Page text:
The altered Medieval village sign pays tribute to RAF Chipping Warden which significantly changed the village for 5 years from 1941-1946. An airfield, hospital and series of Nissan huts were built just northwest of the village. The hospital is now a school, one of the Nissan huts is the football club’s hut and the the aerodrome is part of an industrial estate. An account from Domesday Reloaded records that the hospital became a school in the early 1950’s and notes that the single story building has long corridors and wards turned into classrooms.
First research into RAF Chipping Warden led me to names of individuals who were based there and stories of war time raids. One in particular listed the last flight of a Wellington Bomber which crashed south east of the airfield killing all but one of her crew. LP286 was returning home and overshot the airfield due to engine problems. The crew were remembered with honour and were all aged early to mid twenties:
Flight Sergeant WJ Hillier -Pilot
Sergeant H Mairs -navigator
Sergeant AG Grant- Air Bomber
Sergeant JB Egan – Wireless Operator
Sergeant P McGowen- Air gunner
Sergeant PV Birch- Air gunner (only survivor)
The story continues with an account of a meeting with a witness to the crash. At the time the witness attended the old primary school by the church in the centre of the old village. The man recalled the plane flying over with smoke trailing from the starboard engine and that following the crash the children were sent home. The witness continued with memories of the excitement of planes flying, and as a small child having no awareness to the true horror of the crash.
In response to sharing working practices with P I have begun to piece together the different strands of my research in order to collate the visual and written data to document the 18 towns within my section of the walk. Literally piecing together through cutting, sticking, writing and drawing adding layers and linking elements within my sketchbook has enabled me to search out an image, an individual and their story. I still have gaps but am slowly beginning to see how each story fits with it’s neighbour and where there is a gap my research is becoming more purposeful.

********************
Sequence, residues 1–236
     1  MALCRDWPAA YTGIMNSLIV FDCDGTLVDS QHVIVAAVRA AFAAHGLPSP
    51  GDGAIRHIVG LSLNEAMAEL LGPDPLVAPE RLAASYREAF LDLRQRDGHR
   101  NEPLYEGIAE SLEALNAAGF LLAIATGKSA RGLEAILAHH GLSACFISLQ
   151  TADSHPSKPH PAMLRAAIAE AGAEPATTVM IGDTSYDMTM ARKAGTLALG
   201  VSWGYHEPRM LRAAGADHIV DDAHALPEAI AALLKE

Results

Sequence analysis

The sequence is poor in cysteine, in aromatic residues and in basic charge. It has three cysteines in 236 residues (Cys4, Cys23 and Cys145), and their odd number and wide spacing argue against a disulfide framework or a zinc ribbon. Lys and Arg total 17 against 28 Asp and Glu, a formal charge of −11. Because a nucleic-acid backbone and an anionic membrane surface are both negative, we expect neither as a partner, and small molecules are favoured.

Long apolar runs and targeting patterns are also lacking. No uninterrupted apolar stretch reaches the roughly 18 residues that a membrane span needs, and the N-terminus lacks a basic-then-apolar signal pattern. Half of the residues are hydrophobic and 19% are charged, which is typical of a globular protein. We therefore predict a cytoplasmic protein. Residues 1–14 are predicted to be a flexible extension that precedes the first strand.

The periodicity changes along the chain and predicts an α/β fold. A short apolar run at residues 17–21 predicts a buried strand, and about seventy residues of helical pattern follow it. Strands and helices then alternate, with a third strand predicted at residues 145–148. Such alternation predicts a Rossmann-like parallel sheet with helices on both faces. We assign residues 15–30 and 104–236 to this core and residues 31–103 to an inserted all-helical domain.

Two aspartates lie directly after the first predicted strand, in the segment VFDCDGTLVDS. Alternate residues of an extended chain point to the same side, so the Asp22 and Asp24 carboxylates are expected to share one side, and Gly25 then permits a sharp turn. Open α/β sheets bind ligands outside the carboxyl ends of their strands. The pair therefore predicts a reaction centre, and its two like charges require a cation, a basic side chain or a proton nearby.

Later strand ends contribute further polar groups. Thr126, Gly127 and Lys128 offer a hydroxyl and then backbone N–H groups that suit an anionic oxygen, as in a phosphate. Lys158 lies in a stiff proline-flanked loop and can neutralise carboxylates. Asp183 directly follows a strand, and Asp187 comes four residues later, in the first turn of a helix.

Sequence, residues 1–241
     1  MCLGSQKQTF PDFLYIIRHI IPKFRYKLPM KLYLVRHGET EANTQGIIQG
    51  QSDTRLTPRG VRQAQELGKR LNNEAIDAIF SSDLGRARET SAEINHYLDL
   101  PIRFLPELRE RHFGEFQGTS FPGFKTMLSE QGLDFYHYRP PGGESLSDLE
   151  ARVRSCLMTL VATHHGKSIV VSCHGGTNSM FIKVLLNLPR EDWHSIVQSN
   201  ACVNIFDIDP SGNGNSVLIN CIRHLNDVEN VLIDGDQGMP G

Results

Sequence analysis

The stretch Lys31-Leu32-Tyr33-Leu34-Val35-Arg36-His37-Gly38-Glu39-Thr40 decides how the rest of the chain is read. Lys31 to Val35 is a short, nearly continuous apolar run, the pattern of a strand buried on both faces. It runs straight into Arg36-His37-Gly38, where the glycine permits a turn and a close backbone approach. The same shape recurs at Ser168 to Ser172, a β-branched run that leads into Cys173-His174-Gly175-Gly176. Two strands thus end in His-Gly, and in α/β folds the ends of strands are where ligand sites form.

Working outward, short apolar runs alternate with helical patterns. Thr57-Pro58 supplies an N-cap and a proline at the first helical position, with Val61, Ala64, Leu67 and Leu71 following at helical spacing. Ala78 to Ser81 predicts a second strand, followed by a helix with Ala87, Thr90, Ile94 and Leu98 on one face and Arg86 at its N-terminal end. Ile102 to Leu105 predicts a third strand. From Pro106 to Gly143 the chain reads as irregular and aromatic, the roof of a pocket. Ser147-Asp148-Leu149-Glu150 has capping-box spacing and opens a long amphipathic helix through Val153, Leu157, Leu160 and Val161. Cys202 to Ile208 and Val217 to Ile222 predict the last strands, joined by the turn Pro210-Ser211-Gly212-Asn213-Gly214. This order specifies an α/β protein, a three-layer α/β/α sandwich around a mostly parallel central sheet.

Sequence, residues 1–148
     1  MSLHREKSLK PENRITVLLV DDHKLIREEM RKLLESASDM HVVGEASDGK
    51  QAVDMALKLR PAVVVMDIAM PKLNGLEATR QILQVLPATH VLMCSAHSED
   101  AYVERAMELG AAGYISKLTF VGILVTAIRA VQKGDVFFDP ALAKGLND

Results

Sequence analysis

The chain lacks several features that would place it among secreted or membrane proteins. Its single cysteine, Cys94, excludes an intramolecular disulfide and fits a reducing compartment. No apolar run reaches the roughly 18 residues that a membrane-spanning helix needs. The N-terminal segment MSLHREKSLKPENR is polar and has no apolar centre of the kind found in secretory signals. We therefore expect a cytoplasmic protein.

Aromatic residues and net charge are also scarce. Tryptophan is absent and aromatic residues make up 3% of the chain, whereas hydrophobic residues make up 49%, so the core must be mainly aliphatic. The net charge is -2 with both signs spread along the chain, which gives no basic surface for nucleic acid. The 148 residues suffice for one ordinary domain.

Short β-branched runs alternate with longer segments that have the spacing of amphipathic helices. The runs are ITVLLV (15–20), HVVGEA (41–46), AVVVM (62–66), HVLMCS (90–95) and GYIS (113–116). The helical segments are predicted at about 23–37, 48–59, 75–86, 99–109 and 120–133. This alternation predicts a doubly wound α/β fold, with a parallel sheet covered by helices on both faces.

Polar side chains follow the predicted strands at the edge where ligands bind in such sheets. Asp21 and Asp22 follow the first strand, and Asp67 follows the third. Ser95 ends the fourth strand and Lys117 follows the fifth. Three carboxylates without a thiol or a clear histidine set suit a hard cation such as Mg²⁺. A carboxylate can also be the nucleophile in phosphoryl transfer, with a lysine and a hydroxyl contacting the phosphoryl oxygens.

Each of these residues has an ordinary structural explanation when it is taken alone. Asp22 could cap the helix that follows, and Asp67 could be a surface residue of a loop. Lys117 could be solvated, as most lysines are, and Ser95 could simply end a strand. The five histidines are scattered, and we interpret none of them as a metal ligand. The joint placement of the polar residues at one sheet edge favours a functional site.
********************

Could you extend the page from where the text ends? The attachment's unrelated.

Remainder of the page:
Several stories and their corresponding images need to be further refined before they are posted, however this process of re-assessing and re-looking has led to the uncovering of a greater level of detail and some ideas around the visual imagery to best represent the found stories.
Research this week has been through use of the internet which whilst has made effective use of my time (commuting to and from work) may need to be further expanded by returning to make additional site visits.
The diary begins at Braunstone Turn, after the boats had unloaded supplies in Birmingham post Christmas and were on their way to load coal north of Coventry, and continues until October 1943 documenting the day to day lives of Evelyn, Audrey and Annie as they worked Sun and Dippper together as Idle Women.
Evelyn had trained as an artist at the Royal College of Art and was working at the Camouflage Department of the War Ministry when she read an advertisement in The Times placed on behalf of the Department of War Transport calling for women volunteers to become boatmen for a minimum weekly wage of £3. It noted only women of robust constitution and good health should enter this employment! The women were issued with a National Service badge form the Inland Waterways inscribed with the letters IW sitting on waves. This led to the nickname Idle Women. The young women who had volunteered to replace canal boatmen who had gone off to war were proud to use the term Idle Women. After a few weeks training the women found themselves operating a powered motorboat towing an unpowered butty. Each pair of boats carried up to 50 tons of essential supplies along the canals.
Evelyn’s diary includes descriptions of the changing landscape, friendships made along the way and the longs working hours and daily routines the girls established as they lived and worked together as boatmen.